Ryder Ripps, DEAL WITH IT
Everything has a price. Even gifs.
At least that’s the noise from the art world, as everyone—even befuddled morning hosts—is trying to wrap their head around just what an NFT is. And while many are confused about what boils down to essentially owning a file, no one seemed to know about the money many of these digital works can seemingly generate.
Physical pieces of art or memorabilia, to retain their value based on their uniqueness, require some proof of authenticity. That usually involves paperwork, maybe some photographic evidence, copies of invoices, or perhaps some insurance documents. Some collectibles can be graded and authenticated by services devoted to such things, for a price, of course. But even this is subject to subterfuge and deception, and such authentication is only as credible as the market believes it to be.
A relatively modern technological innovation, however, has the potential to upend the market for creative and collectible goods, significantly changing the way collectors, dealers, and designers trade.
NFT, or Non-Fungible Tokens, are digital certificates that get created and tracked much like cryptocurrency tokens on the same network are tracked, called the blockchain. The same technical aspects which make cryptocurrencies like Bitcoin and Ethereum secure make blockchain secure. Instead of a mined coin, something worth as much as any other coin on the market, NFTs have their own value.
But just like those coins, once recorded on the blockchain, NFTs can not be altered, duplicated, or deleted, and anyone can trace their entire transactional history. Blockchains act as public ledgers, and networks like Bitcoin, Ethereum, Dogecoin, and others, are decentralized and distributed, and every transaction is verified as it moves along the chain.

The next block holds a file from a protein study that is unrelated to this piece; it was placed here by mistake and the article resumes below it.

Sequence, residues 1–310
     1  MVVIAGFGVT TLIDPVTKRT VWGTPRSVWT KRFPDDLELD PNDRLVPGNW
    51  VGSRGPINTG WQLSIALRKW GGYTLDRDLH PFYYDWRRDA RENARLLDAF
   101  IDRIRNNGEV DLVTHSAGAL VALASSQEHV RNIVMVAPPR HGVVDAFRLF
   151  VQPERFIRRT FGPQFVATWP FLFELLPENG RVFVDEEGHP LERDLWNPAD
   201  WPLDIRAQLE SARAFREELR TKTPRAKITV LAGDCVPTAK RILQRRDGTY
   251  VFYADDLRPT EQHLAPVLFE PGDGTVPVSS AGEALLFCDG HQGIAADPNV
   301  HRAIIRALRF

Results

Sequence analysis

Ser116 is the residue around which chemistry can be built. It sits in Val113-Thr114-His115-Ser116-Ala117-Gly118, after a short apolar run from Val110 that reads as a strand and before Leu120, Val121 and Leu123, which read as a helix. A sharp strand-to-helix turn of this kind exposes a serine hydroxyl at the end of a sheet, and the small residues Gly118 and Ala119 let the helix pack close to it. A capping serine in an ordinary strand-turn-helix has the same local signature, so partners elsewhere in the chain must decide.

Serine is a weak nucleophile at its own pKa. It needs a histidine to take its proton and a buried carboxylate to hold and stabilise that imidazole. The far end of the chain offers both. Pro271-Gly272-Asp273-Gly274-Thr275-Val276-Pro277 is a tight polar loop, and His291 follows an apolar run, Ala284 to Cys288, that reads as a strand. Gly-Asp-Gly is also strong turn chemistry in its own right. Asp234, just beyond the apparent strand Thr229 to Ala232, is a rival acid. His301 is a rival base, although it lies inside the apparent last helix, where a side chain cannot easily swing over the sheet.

In existence since 2015, NFTs have recently surged in popularity thanks in part to greater public awareness of cryptocurrency and validation from large institutional and celebrity investors, such as Mark Cuban and Elon Musk. No longer the domain of nerdy folks and tech bros, confidence in blockchain technology and cryptocurrency have gone full mainstream.
Chris Torres, Nyan Cat
This rise in profile has led to some artists adopting the technology, as of late, selling work for millions of dollars. Some early adopters have deep roots in web culture, such as Chris Torres, the artist behind 2011’s beloved gif Nyan Cat. Nerdy DJ Deamau5 uses NFTs to sell collectible digital items, and Lakers superstar LeBron James has turned to the blockchain to monetize his highlight reel. Grimes sold six million worth of digital art. Graphic designer Mike Winkelmann, known as Beeple, has found the technology interesting enough to experiment with it as well and is currently auction off his digital work The First 5,000 Days over at Christie's. As of this writing, the bidding is at $9.7 million and would set a record for the most expensive NFT sold at auction.